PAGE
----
Former Boston College basketball star leads clinic for girls grades 3 – 12

Sarah Behn, who runs the Sarah Behn basketball camp, came to the Manchester-Essex High School to help girls from grades 3 to 12 with their basketball skills on Sunday Jan. 16. With Sarah and her three counselors, the girls split into four groups, by age, to practice and perfect the basic basketball skills necessary on the court. Throughout the duration of the clinic, skills in agility, ball handling, shooting, and conditioning were all strained for the players. At the end of the clinic Behn reviewed with the girls of what they learned, and then as a final gesture gave out some prizes to those lucky winners before the boys clinic started right after.

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‘Harry Potter and the Deathly Hallows Part One’ makes for a spectacular, moving installment of ending

As the first half of the finale in the epic Harry Potter saga, “Harry Potter and the Deathly Hallows Part One,” directed by David Yates, accomplishes its goal of being a thrilling first installment in a pair of movies already proving to be spectacular representations of the book itself.

By Maura Driscoll

INDEPENDENT EDITOR

  As the first half of the finale in the epic Harry Potter saga, “Harry Potter and the Deathly Hallows Part One,” directed by David Yates, accomplishes its goal of being a thrilling first installment in a pair of movies already proving to be spectacular representations of the book itself.

  Picking up where the last movie, “Harry Potter and the Half Blood Prince,” left off, “Part One” starts on a high note, as Harry and members of the Order of the Phoenix hilariously take protective measures, by transforming themselves to all look like Harry himself, to safely transport themselves to the Burrow.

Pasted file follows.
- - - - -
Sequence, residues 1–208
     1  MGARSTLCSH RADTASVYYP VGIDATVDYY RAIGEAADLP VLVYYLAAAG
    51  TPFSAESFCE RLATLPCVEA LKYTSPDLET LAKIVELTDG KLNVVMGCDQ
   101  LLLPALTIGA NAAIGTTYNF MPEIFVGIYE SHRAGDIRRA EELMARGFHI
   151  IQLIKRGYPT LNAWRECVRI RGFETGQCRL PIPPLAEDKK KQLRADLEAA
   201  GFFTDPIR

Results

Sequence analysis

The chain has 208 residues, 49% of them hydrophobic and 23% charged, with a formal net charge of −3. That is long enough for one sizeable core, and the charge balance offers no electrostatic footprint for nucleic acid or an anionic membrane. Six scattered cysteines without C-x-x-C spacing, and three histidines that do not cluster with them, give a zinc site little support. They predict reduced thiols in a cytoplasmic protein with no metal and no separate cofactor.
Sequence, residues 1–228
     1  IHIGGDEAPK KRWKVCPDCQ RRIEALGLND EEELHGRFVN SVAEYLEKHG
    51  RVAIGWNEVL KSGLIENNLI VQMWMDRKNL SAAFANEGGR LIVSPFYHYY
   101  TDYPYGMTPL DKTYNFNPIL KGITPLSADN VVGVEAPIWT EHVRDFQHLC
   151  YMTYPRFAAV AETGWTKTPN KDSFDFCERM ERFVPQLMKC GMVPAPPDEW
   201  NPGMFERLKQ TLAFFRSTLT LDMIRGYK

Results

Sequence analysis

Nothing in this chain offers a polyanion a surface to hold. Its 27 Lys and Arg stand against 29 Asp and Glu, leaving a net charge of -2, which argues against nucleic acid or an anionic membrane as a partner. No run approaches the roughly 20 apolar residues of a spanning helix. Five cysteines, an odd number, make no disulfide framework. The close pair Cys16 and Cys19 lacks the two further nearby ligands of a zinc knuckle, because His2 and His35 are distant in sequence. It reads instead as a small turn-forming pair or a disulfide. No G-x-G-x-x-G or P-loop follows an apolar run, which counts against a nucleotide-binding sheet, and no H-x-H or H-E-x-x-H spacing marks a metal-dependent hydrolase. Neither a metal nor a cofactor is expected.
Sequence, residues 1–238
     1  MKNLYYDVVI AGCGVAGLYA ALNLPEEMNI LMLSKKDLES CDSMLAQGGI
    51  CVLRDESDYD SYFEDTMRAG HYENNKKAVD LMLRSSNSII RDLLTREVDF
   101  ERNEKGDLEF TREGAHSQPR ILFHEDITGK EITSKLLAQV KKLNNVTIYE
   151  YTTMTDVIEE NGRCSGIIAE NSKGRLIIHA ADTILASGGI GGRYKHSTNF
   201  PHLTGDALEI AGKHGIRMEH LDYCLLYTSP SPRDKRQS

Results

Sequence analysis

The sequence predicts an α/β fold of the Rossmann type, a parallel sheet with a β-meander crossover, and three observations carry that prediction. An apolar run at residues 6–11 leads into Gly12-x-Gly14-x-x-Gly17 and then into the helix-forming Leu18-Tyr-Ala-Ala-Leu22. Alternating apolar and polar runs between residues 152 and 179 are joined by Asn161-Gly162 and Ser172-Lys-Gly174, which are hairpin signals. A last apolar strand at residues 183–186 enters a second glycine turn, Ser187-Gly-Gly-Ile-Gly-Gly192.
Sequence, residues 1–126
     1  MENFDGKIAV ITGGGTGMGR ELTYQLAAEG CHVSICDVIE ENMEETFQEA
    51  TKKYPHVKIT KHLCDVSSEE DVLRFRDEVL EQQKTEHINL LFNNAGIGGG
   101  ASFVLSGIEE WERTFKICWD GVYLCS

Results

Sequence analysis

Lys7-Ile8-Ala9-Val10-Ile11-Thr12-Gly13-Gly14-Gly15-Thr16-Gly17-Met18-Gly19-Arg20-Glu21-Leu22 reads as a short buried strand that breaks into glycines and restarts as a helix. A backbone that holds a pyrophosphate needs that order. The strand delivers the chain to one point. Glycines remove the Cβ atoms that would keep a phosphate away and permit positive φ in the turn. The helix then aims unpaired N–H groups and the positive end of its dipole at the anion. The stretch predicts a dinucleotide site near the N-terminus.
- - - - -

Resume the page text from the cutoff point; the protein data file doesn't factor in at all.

But their trip is not burden free, as not too long after they all take flight, Death Eaters are upon them, with Lord Voldemort (Ralph Fiennes) at the helm.

  The harrowing escape is just the beginning of the action-packed adventure that main characters Harry Potter (Daniel Radcliffe), Ron Weasley (Rupert Grint), and Hermione Granger (Emma Watson) go on together in their quest to destroy Lord Voldemort’s seven horcruxes.

  Perhaps the most important quality of the new film is the improvement of the acting. In the past, characters like Harry Potter were portrayed as silly and unbelievable due to the unfortunate acting from actors like Radcliffe, whose weepy reaction to the news of Sirius Black’s escape from Azkaban in the third film was more cringe-worthy than sad.

  However, Radcliffe, Grint, and Watson all step up their game individually with the ability to give moving and phenomenal performances as their characters, with exceptional chemistry.

  Finally, a Harry Potter film with emotion and depth has been made. Most apparent in the relationship between the three main characters, in the adorable yet incredibly frustrating sexual tension between Ron and Hermione, and any scene involving Dobby the house elf, “Part One” conveys a poignant sentiment that was previously unattainable in the film series.

  Though some could argue that the film drags in some spots, as over 100 minutes of it take place in the wilderness with just Harry, Ron, and Hermione present, the cinematography presented is positively breathtaking and makes for an enchanting plunge into the realm of Harry Potter and his world.